the prime minister said he favours “institutional” bilingualism over
    “individual” bilingualism and believes only certain jobs should require
    proficiency in both official languages.”

    Just what “problem” does Harper feel needs fixing? I’m thinking of Trudeau’s response to criticism of OB…that it isn’t an imposition on the individual, it’s an imposition on the state.

    • Exactly. In naming unilingual officers of parliament and justices of the SCOC Harper imposes bilingualism on the individual citizens rather than the state.

  4. Well, if you define “doing things’ for Quebec or the French in general as the number of cabinet ministers that are French, or SC judges, okay. What about actually DOING THINGS like the “Quebec is a nation” and money for the crumbling bridge and all those things? Does that not count? FWIW, I didn’t think that having Anne McLellan in cabinet meant anything was being “done” for AB, for example. Still felt like a “flyover province for a decade or so. “Funding for things? That is “doing something.” IMHO anyway.

    • I figured I’d define it the way the Prime Minister did: as “giving space to French.” Nutty little idea I had.

    • How is a bridge French ?

    • Ok OK its the Champlain bridge right ? An obviously French bridge if ever there was one, if on the other hand it were the Victoria bridge, well thats an English bridge isn’t it ?

  5. I don’t play poker so i’m going right out on a limb here…does that last sentence convey overcompensation as defensiveness on the part of the PM? Aren’t you overlooking good old fashioned pandering? Or Mulroneyesque delusions of grandeur.

  6. I don’t get the point of the whole article. Is he good or bad with francophones?

      • Kind of similar to Eugene Whelan wearing a cowboy hat. In Liberal eyes it made him one with rural Canadians. What a crock.

        • Eugene’s hat was green, which makes him a precursor for Elizabeth May

  7. PMSH has become a legend in his own mind.

  8. MORE ARTICLES ON BELGIUM!!!! FEWER ARTICLES ON QUEBEC!! FAILING THAT, MORE ARTICLES ABOUT MONKEYS IN SUPERMARKETS!!!

    • Nix that… eagles ‘n babies.

  9. Can i take a crack at that last line again, it’s fascinating me for some reason?[ why can't you stick to hockey metaphors?]
    I can accept that Harper as you say has come a way from his Brimelowism [credit where credit is due] toward the ideal of official bilingualism, at least at institutional levels in Ottawa[ did he just throw the little god that failed under a #9 bus in the process?] And i can accept that he feels some pride in that…pride in achievement or possibly a personal price paid for compromised or traded off principles …is that a tell? That he sees it as more of an achievement than it really is, given how much he thinks he’s sacrificed. Am i any warmer? Yet it could stlll be viewed as a form of defensiveness. I guess it’s growth of a sort. If you consider just how far Harper had to come from there to here? But i can’t get over feeling you’re prepared to give more credit than is due him when one considers just how low the bar as been for Harper all along.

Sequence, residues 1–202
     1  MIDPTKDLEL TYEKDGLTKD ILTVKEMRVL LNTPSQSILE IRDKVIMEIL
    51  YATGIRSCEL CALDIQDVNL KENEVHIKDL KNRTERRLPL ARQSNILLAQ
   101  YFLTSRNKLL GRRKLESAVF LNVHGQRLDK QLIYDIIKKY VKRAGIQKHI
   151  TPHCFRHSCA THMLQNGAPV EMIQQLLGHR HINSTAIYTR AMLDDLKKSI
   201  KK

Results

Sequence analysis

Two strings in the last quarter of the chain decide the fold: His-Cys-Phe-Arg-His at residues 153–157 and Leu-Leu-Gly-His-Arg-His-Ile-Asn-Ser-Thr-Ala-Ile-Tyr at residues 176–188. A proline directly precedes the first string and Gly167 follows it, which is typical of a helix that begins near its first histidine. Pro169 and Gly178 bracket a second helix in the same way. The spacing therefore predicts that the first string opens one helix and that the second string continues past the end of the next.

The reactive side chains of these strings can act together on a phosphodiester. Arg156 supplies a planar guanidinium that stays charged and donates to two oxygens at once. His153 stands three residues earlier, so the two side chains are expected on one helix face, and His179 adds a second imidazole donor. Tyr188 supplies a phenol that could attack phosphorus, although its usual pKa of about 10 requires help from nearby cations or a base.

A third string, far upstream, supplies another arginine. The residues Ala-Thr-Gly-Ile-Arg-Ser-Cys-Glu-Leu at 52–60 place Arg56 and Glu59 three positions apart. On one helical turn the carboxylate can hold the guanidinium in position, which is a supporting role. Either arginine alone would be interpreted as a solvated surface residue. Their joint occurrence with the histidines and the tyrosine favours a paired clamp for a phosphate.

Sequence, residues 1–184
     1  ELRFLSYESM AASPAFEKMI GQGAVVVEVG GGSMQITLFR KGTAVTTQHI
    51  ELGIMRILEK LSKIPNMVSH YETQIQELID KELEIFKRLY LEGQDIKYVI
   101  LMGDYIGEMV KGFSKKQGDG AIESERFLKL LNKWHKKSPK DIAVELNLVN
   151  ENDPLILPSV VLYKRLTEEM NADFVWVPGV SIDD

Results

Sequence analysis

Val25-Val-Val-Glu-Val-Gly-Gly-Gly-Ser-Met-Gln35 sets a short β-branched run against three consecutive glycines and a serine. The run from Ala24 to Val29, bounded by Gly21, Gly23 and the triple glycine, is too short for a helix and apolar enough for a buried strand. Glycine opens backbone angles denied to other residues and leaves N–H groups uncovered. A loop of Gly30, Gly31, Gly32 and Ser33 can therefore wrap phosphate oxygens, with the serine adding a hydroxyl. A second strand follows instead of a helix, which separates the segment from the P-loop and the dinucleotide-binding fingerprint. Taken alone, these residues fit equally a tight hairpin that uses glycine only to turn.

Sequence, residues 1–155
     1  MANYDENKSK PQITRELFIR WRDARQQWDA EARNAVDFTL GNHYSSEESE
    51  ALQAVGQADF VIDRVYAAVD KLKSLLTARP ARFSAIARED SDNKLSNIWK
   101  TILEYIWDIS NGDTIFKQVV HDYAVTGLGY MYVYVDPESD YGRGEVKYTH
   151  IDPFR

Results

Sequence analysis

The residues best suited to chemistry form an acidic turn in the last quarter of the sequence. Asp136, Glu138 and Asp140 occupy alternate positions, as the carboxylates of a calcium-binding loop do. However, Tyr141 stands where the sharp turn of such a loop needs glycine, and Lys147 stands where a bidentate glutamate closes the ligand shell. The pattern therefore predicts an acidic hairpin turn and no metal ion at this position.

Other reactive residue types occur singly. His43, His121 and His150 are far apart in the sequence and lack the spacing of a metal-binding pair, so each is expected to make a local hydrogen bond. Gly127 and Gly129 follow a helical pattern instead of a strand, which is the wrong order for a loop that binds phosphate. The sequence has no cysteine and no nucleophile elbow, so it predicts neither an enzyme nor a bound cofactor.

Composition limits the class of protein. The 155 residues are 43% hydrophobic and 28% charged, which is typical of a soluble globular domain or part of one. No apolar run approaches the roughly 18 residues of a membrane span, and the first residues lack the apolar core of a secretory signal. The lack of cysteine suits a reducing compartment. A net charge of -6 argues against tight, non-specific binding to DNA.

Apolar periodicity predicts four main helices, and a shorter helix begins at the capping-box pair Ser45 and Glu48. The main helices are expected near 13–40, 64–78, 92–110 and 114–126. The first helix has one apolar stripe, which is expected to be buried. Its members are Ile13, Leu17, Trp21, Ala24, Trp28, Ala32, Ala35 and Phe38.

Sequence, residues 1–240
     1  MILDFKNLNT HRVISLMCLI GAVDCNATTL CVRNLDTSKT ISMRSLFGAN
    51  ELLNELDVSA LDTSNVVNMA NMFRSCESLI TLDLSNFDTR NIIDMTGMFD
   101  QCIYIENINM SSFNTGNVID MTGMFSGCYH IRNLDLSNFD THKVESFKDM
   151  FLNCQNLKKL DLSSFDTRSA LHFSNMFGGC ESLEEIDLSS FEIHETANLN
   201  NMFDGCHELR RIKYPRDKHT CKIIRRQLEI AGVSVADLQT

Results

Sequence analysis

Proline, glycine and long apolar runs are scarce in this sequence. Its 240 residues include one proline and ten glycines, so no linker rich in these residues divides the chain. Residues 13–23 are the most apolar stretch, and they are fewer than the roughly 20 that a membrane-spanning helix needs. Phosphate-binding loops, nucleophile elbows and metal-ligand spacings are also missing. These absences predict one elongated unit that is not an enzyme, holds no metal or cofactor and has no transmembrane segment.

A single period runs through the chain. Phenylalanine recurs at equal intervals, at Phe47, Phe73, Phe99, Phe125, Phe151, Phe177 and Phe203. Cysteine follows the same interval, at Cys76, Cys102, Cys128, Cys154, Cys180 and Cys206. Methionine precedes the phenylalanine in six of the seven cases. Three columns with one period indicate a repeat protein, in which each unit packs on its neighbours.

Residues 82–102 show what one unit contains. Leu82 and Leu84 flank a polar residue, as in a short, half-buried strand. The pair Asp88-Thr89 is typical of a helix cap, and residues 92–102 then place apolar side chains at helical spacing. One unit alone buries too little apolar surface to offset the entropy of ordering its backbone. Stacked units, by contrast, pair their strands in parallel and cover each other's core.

10. It’s more of what Steve has found to be a winning strategy — just make the claim — most media types won’t bother with a fact check, they’ll just repeat it so it’ll become the new “truth”.

    • Al la Romney and Ryan.

  11. The French weighting of Trudeau’s cabinet bears no relation to the actual composition of Canada’s population. In a cabinet of 36 members there should be around 7 or 8 ministers who are French-language-in-the-home types if their numbers are to reflect accurately their proportion of the population at large.

  12. What a childish article! Just for your information, Paul Wells, Harper indeed have “given more space to French than any prime minister in the history of the country”:
    - gave Quebec a “Nation” designation
    - DOUBLED funding for 2008-2013 Road Map (action plan for official languages)
    - DOUBLED funding to OCOL (office of the commissioner of official languages)
    - created a new crown corporation “Eastern Ontario Opportunities Agency” to distribute dough to Franco-Ontariens
    - amended Immigration Act to force French immigration to English Canada (WTF?)

    Don’t you think Harper should have done at least something for another linguistic group, main linguistic group I might add, English? Appointing a unilingual auditor-general… that’s all, Mr. Harper? When we voted CPC in in 2006, we expected you do away with OLA or at least remove its unfair zealous application.

  13. Holy Cow! Paul Wells actually being critical of Stephen Harper. “Take his temperature, call the doctor…”